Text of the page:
So, for a quick fix of the scenarios you describe...
Suppose that the great price for liquor/wines on planet A is consistent - you can count on it next time you visit. Suppose further that the quantity available is not consistent - you can't guarantee that when you return you'll be able to buy anywhere near as much, or perhaps even any... Free 'money pump'? Not so much now I think.

Disembodied wrote:
Fri Mar 27, 2020 4:28 pm
With the current model (or indeed anything like it, where the player looks to buy low on one planet and sell high on another) there will always be the problem of milk-runs and money-pumps. Every Elite-alike game I've ever seen falls into this same hole (probably because, as in Elite, the trading is just there as a basic mechanism to enable the player to earn credits to improve their ship and go out and shoot more bad guys).
Firstly, I'm not sure that I understand the difference between a 'money pump' and a 'milk run', so if it's important then please explain.

Probably because, like Oolite, they just lifted what works. Commercially, if it works in the short term then that is enough for most games (less true in the present perhaps). Also, I think that some/many of those games did a much better job of expanding the other career paths that elite promised but barely delivered on, so trading related issues might be less obvious.
Disembodied wrote:
Fri Mar 27, 2020 4:28 pm
It will also never match the sheer range of cargoes that we can imagine an entire planet might produce.
I don't think you can realistically achieve that with your model either, or even get close.
Disembodied wrote:
Fri Mar 27, 2020 4:28 pm
This latter is a big one, for me: it's so small-scale. The entire output of a world can be covered by just 16 things, all virtually indistinguishable from the same things produced elsewhere. We can try adding granularity to it, by creating sub-types, and sub-sub-types, and so on, but it rapidly becomes overwhelming.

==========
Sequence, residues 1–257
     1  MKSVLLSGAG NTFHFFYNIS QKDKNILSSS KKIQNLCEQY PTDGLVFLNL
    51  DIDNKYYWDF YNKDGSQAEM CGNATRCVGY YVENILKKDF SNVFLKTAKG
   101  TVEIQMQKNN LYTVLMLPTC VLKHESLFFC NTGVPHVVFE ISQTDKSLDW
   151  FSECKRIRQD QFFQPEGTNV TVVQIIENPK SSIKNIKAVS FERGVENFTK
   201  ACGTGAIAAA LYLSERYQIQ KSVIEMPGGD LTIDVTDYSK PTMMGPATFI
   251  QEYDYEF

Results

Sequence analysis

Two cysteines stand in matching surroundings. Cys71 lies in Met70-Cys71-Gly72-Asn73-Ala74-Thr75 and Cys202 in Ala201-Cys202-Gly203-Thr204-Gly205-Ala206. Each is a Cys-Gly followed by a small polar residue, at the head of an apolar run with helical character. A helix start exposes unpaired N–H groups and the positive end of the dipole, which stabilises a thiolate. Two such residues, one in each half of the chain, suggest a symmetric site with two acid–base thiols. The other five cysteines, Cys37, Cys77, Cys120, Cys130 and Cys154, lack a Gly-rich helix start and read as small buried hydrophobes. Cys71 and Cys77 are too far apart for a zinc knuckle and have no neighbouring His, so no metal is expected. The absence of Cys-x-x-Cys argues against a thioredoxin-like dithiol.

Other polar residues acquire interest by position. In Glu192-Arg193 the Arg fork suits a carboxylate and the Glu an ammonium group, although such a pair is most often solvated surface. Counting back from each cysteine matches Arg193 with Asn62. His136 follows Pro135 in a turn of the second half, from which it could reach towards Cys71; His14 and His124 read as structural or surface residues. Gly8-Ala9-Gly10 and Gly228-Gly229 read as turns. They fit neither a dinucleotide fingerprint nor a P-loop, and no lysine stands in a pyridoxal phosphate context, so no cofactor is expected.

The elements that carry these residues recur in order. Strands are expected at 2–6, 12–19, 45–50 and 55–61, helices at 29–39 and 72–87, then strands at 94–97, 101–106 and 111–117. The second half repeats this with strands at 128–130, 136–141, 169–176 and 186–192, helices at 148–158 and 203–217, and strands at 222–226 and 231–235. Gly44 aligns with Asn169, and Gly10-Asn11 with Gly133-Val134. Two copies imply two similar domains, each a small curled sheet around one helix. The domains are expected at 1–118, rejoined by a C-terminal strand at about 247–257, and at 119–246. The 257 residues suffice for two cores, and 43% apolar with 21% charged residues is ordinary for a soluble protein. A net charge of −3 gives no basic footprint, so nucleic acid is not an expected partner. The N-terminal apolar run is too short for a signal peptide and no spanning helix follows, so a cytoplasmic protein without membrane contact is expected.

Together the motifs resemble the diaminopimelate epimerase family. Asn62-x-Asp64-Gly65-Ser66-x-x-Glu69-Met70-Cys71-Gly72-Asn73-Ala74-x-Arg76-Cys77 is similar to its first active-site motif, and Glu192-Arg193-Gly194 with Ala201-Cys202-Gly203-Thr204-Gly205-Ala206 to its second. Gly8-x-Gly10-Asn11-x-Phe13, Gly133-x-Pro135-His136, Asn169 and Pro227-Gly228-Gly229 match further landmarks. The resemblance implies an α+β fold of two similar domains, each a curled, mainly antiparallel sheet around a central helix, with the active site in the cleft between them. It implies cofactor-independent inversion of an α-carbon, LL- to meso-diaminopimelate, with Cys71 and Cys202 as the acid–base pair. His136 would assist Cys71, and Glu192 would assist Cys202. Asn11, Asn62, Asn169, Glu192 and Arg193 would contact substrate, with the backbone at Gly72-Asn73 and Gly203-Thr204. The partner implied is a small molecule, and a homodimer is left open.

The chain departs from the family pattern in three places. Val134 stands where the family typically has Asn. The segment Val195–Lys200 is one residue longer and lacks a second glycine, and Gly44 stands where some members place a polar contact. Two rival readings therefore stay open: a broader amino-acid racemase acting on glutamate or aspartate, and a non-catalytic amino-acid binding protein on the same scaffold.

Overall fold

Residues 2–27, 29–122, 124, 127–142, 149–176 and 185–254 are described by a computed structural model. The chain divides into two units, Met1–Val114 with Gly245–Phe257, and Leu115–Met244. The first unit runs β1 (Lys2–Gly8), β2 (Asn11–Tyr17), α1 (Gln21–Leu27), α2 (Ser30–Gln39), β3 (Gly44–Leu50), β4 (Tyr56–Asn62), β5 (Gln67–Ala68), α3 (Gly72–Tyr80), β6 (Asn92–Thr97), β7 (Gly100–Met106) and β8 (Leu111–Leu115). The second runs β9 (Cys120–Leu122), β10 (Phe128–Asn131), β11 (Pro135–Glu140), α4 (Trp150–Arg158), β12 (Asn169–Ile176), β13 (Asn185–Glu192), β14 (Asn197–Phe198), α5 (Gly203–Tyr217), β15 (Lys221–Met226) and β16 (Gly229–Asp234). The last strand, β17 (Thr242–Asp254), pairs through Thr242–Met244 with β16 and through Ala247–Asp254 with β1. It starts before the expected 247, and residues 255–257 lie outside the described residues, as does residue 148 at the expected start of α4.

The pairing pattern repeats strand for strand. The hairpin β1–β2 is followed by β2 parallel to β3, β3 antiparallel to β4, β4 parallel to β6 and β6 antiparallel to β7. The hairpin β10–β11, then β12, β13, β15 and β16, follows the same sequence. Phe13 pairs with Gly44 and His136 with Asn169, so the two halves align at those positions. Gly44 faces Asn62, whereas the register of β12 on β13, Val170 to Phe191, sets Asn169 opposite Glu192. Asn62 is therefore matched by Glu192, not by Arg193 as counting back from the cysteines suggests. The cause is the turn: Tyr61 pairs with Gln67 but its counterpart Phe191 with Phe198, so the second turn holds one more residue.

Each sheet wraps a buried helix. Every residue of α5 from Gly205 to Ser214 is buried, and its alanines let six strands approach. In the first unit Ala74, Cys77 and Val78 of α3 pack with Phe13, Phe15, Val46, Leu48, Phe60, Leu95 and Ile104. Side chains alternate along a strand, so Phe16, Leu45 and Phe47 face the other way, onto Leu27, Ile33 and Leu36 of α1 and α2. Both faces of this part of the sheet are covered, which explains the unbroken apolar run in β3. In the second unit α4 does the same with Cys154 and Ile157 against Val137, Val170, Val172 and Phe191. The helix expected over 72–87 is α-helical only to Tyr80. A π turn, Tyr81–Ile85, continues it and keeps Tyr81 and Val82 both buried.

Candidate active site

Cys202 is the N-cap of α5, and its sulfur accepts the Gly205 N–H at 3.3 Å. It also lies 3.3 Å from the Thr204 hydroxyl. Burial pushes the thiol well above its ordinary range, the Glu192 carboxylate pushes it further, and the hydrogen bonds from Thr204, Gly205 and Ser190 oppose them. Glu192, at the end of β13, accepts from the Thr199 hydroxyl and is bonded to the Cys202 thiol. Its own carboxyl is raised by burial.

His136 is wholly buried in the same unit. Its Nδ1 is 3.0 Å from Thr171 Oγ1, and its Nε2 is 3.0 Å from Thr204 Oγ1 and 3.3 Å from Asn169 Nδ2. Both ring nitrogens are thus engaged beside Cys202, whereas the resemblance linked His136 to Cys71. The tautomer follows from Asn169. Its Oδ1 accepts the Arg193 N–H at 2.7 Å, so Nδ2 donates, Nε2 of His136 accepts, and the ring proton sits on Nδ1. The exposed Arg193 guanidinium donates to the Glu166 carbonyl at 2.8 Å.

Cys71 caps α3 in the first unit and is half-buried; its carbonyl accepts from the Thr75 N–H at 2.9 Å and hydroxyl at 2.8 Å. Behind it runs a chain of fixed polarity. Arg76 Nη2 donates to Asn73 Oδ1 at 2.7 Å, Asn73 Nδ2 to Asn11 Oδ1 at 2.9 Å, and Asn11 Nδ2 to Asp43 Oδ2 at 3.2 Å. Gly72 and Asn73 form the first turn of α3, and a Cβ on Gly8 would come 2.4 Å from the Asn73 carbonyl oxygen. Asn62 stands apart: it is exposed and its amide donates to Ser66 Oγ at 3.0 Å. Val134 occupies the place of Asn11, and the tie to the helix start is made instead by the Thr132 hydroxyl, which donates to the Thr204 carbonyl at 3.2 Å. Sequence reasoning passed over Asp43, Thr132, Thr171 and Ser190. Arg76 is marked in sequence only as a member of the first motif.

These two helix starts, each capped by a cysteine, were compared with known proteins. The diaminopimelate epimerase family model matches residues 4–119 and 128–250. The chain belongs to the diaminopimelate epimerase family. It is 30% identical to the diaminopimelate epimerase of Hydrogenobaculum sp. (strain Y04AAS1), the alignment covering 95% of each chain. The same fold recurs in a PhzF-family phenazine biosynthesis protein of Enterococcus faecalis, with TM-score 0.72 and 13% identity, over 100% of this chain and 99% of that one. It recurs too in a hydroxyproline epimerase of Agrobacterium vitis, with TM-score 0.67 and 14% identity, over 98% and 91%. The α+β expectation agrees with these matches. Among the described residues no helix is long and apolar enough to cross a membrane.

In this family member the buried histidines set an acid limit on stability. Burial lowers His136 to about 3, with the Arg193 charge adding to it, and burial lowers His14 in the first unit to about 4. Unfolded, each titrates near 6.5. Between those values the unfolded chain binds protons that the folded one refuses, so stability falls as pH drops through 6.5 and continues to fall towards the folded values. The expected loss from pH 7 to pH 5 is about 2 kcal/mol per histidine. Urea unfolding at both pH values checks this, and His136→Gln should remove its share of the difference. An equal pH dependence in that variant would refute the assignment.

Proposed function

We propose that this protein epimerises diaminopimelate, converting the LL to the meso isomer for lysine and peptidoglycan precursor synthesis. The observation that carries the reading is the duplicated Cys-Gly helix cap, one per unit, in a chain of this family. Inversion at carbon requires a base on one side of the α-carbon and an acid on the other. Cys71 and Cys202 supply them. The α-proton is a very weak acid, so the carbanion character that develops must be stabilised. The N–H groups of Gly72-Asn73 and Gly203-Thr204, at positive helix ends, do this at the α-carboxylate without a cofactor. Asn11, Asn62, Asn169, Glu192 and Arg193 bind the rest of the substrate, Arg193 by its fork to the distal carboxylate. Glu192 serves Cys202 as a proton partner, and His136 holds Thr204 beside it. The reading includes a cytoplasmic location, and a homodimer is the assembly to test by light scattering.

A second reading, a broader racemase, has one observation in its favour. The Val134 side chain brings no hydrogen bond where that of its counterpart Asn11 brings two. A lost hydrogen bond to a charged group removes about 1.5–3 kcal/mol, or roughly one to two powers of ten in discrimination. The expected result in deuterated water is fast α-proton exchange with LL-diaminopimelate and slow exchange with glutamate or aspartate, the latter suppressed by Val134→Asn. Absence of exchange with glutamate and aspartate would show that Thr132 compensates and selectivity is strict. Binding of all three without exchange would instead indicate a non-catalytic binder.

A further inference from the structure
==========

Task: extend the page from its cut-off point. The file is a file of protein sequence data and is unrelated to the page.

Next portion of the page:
Here you seem to be describing trying to create your wish of a wide range of cargoes within the current system and how it won't work very well. I agree and I think this might be at the heart of our difference.

By being specific about cargo goods, I think both the current model and your model will only succeed in further highlighting how just few things there are to trade in across approx. 2,000 systems. Ironically, I think that really would become overwhelming...
How many are you going to create?
How are you going to cover (almost) everything?

How do we process things when the sheer variety is confusing? We tend to put them into categories. You passed or you failed. You got an A or a B grade etc. That's a fish, a bird, a mammal. It's a simplification but we do it because it's convenient; because if I had to exhaustively list all the animals I knew of then it would both take me a considerable amount of time and I would almost certainly forget some (oops - I forgot all the invertebrates!...)

So you can be specific at one end or general at the other. At the extreme specific end, everything is unique, while at the extreme general end, everything is just cargo. So you can have as many or as few categories as you want but if you want to do away with them altogether then (unless you have an awful lot of time on your hands or an extremely elegant name generator programme) I see clear ommisions presenting themselves over time. Worse: the more you play, the more they will become apparent and the more the variety of existing goods will seem small.

So you see the current model as limiting, I see it as inclusive. It appears that we are both hypothesising accordingly.